Model Policy
hostwriting involves falsely attributing authorship to a person who did not contribute to the content of a publication. Often, a pharmaceutical company will enlist a medical writer to draft an article that advances the The policy prohibits marketing campaign for a certain drug. The company will then solicit a prominent physician to sign on as author. The identity of the true author, who has direct industry ties, is not disclosed. Ghostwriting essentially serves as a surreptitious marketing tactic: for instance, a company might commission an article highlighting a particular disease area, examining potential side-effects of competing products, or promoting off-label uses of a drug in order to enhance the reception of their products. This practice conceals conflicts of interest and can lead to the proliferation of dangerous, inaccurate information.1, 2, 3 Ghostwriting is thought to be common: several studies suggest that 9-11% of articles in biomedical journals have been ghostwritten.5, 6, 7, 8. Because some of these persons who make a rates were self-reported, the actual prevalence may be much greater. In such instances, since the industry-paid writers are not credited as authors, their ties to industry go unreported. Journal editors and readers assume that the authors are conflict free. This lack of transparency hinders readers’ abilities to interpret the article and its findings. Ghostwriting is an irredeemable marketing strategy that threatens the practice of evidence-based medicine.4 Industry ghostwriting should be completely prohibited.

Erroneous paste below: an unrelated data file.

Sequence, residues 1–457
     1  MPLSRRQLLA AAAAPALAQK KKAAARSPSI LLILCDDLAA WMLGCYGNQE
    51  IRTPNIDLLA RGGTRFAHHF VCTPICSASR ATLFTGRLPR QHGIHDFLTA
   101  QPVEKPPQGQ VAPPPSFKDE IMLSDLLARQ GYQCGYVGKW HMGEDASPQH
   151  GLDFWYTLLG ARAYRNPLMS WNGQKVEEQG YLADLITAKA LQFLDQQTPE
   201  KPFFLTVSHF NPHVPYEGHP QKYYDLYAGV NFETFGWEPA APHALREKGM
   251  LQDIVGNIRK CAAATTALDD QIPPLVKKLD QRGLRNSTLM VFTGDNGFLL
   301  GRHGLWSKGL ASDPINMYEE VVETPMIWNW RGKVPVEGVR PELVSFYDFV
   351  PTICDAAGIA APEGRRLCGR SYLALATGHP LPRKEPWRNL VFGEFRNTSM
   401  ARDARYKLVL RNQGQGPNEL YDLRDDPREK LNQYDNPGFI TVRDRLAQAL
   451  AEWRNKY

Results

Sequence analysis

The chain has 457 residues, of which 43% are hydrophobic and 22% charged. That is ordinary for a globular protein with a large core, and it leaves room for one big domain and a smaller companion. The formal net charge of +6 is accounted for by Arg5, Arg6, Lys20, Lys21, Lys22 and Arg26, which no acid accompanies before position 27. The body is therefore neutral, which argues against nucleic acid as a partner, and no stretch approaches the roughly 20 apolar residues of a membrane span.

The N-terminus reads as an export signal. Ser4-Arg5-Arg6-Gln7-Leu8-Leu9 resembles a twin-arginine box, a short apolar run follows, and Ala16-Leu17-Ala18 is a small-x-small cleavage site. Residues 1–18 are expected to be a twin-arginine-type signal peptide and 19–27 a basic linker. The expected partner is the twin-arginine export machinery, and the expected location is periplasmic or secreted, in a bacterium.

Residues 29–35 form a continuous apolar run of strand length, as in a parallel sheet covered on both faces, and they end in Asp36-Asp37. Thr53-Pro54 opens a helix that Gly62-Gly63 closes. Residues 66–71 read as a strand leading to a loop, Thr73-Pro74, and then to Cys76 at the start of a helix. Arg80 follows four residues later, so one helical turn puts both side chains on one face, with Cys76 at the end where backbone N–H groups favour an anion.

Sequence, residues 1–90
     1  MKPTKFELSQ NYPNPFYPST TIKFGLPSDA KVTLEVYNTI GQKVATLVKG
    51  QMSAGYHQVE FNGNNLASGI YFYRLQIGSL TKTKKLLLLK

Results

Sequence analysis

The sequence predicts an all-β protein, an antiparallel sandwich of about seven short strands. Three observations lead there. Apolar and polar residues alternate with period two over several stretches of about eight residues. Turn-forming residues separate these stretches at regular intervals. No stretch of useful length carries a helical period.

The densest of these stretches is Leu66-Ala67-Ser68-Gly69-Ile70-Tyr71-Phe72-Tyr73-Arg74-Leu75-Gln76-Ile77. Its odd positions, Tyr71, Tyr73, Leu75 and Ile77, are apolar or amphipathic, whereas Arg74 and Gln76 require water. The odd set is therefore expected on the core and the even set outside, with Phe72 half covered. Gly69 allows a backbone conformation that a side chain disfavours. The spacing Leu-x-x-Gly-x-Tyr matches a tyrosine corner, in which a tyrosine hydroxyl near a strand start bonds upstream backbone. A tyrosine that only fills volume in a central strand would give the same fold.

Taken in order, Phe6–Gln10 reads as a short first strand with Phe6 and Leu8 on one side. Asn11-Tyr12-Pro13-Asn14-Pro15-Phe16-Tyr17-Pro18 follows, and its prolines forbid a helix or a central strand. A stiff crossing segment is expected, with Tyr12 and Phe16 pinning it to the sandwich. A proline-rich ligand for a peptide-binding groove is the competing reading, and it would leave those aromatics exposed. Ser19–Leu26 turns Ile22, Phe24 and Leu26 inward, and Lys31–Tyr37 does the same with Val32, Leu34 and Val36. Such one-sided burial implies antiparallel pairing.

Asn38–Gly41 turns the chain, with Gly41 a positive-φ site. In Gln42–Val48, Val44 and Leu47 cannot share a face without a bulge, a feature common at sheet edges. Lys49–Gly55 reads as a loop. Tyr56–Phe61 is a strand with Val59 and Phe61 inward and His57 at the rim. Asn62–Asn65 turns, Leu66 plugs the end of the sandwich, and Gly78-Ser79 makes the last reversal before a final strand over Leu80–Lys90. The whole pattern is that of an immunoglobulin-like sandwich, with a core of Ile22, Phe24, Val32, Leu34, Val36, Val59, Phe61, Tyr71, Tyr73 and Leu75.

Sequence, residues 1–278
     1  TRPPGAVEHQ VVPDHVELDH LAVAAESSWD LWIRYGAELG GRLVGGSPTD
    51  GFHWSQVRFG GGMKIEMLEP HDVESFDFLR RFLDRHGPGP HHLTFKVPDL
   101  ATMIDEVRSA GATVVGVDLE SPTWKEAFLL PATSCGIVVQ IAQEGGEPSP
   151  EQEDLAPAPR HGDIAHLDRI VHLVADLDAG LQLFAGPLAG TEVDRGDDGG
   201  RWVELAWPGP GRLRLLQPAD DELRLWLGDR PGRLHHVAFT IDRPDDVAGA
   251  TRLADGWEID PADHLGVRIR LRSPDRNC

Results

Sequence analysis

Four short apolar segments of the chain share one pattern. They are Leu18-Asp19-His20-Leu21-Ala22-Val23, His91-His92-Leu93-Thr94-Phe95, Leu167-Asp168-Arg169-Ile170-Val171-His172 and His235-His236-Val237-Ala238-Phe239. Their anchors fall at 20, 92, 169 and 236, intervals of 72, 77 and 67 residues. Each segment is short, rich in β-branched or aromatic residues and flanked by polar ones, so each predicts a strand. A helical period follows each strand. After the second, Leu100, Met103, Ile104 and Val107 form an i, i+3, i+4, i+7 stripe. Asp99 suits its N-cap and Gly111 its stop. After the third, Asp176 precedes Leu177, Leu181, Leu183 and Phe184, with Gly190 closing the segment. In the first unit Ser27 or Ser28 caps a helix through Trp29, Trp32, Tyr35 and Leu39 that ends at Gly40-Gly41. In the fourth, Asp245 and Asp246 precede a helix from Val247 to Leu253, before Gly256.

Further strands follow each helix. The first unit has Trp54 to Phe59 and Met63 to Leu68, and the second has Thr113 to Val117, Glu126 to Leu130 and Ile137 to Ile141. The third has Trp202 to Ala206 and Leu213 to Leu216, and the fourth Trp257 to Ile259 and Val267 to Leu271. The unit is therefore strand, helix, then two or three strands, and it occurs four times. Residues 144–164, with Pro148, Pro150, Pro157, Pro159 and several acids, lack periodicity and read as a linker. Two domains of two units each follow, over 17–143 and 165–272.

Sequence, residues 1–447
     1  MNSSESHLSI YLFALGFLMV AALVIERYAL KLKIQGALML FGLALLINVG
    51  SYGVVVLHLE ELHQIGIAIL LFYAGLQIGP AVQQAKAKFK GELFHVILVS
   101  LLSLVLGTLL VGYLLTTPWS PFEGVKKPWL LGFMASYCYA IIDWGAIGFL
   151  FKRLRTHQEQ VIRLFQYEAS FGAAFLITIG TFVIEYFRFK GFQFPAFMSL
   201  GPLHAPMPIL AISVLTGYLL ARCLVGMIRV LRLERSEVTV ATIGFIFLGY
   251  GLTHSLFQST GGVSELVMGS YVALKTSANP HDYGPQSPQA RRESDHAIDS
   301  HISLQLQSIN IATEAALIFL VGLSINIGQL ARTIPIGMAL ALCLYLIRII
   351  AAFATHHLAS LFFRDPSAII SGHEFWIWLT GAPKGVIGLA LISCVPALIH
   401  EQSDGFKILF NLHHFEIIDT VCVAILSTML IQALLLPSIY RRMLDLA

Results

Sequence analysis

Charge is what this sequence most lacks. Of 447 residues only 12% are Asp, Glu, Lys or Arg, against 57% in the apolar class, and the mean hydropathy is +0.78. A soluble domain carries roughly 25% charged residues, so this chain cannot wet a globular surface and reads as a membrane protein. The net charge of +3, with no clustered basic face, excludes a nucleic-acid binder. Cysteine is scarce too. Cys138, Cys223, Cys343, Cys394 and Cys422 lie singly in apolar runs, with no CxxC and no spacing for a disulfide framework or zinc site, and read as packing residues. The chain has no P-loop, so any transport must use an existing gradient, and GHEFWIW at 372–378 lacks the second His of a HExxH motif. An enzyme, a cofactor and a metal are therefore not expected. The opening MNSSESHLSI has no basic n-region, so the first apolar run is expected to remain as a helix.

The International Committee of Medical Journal Editors has adopted a set of authorship principles that can serve as a guide for physicians. Academic Medical Centers should ensure that their faculty members are aware of proper authorship principles, and that they know that they are responsible for upholding *These recommendations come out of an ongoing study by Columbia University's Center on Medicine as a Profession. The researchers will update their recommendations regularly to incorporate new policies and findings. These materials were made possible by a grant from the state Attorney General Consumer and Prescriber Education Grant Program, which is funded by the multi-state settlement of consumer fraud claims regarding the marketing of the prescription drug Neurontin. For more information, contact IMAP at r 212-305-6914. these standards. Physicians should not be permitted either to produce such articles, or to sign their names to articles to which they have not contributed.  References
1. Fugh-Berman A. The Corporate Coauthor. Journal of General Internal Medicine. 2005;20(6):546-548. 2. Moffatt, B., Elliott, C. “Ghost Marketing: Pharmaceutical Companies and Ghostwritten Journal Articles.” Persp Bio 3. The Pew Charitable Trusts Prescription Project. Ghosts in the Machine: invisible pharmaceutical industry author- ship of academic journal articles (report) 2008. 4. Spielmans GI, Parry PI. From evidence-based medicine to marketing-based medicine: evidence from internal indus- try documents. Journal of Bioethical Inquiry. 2010;7(1):13-29. 6. Flanagin A, Carey LA, Fontanarosa PB, et al. Prevalence of articles with honorary authors and ghost authors in peer-reviewed medical journals. JAMA: The Journal of the American Medical Association. 1998;280(3):222-224. 7. Mowatt G, Shirran L, Grimshaw JM, et al. Prevalence of honorary and ghost authorship in Cochrane reviews. JA- MA: The Journal of the American Medical Association. 2002;287(21):2769-2771. 8. Wislar JS, Flanagin A, Fontanarosa PB, DeAngelis CD. Honorary and ghost authorship in high impact biomedical journals: a cross sectional survey. BMJ: British Medical Journal. 2011;343.
Figure 1.


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